Comprehensive support for interacting with other languages is another sign of a robust community. Haskell should play well with others, and there’s now, alongside the standard C api, new bindings to Lua and Perl, as well a the rather stunning Language.C, a library for parsing, analysis and generation of C with GCC extensions. (Want to hunt for bugs in the Linux kernel? This is how you’d do it). You can even generate Flash code, if you like. Or if you love assembly, script LLVM from Haskell, or just generate x86 code directly.

9. Games: hback

Finally, and I’m not sure why, but there’s been a bit of small game development in Haskell recently (possibly due to having good OpenGL tutorials?). Anyway, one of cooler games, in my opinion, is hback, a “dual N-back” memory training game, complete with audio and bells. A recent research paper claimed that following the puzzle protocol implemented in this game would improve your fluid intelligence. It’s fun, but hard.

And there are 490 other Haskell in Arch (and on Hackage!) to play with. So how did we get all these into the system?

Arch Linux + Haskell

The effort to modernise Haskell on Arch began in early June, with half a dozen Haskell/Arch people formed an IRC channel, a mailing list, and started a wiki page to plan and coordinate efforts. A key decision was made to automate as much as possible, after watching other distros struggle to keep up with the pace of change.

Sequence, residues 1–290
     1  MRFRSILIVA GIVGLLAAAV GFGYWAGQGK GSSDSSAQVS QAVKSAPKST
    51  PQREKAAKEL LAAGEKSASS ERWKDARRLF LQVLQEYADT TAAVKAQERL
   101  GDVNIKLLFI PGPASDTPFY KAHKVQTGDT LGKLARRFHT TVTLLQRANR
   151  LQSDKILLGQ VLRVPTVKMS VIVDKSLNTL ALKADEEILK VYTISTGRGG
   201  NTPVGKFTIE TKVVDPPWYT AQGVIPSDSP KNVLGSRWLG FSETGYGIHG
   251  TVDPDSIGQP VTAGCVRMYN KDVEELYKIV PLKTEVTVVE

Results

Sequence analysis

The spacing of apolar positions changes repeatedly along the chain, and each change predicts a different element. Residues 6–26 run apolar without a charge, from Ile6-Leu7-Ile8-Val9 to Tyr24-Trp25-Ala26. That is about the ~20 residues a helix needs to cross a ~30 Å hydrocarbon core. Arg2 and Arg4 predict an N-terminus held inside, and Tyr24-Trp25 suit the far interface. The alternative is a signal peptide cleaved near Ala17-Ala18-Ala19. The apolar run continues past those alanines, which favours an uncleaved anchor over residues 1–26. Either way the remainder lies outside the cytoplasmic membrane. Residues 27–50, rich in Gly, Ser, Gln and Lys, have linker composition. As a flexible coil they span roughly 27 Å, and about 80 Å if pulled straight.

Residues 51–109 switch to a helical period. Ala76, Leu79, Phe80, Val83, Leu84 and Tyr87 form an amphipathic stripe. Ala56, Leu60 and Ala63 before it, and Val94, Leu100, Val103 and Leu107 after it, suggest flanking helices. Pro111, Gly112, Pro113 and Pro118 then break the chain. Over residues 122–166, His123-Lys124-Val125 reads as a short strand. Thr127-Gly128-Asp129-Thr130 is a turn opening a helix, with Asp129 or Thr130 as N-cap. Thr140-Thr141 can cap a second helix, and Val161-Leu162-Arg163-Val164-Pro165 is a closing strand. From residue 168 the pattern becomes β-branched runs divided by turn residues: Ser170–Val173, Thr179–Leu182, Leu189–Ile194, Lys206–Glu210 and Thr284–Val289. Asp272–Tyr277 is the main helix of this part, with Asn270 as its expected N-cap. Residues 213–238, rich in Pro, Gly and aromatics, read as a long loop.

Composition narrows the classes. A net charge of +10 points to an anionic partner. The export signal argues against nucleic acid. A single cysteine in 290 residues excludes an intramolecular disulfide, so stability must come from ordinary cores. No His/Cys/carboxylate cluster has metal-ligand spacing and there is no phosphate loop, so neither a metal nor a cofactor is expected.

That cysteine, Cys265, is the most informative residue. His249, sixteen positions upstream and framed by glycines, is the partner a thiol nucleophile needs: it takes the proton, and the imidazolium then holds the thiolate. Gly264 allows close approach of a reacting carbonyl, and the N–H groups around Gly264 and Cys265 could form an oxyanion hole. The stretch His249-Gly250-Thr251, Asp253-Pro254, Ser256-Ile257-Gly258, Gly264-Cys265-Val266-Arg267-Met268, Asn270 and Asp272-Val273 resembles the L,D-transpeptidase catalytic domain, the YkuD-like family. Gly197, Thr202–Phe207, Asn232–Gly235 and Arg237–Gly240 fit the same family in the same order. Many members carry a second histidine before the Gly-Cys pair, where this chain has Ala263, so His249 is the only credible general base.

Several factors came into play, making it actually feasible to automatically package Haskell source:

  • Central package hosting on Hackage.
  • A single, build system, Cabal.
  • And the use of a declarative dependency specification.

Central hosting meant that all packages can be found from one place, making it easy to track lots of packages. Having a single shared build system means that tools can rely on a common API for bundling software (no need to teach the tool about lots of crazy build strategies). All that helps.

The most important factor by far though, is that Cabal declares dependency information in a purely declarative way. Dependencies are stated explicitly, and can be analysed statically. This is in stark contrast to tools like autoconf, which require initialisation on the target machine to determine the actual build dependencies.

All an automated package tool needs to do for Cabal is translate the names of Haskell and C dependencies into the names of native packages on the system, and then spit those results into the native package format. For Arch, we wrote cabal2arch to do just this.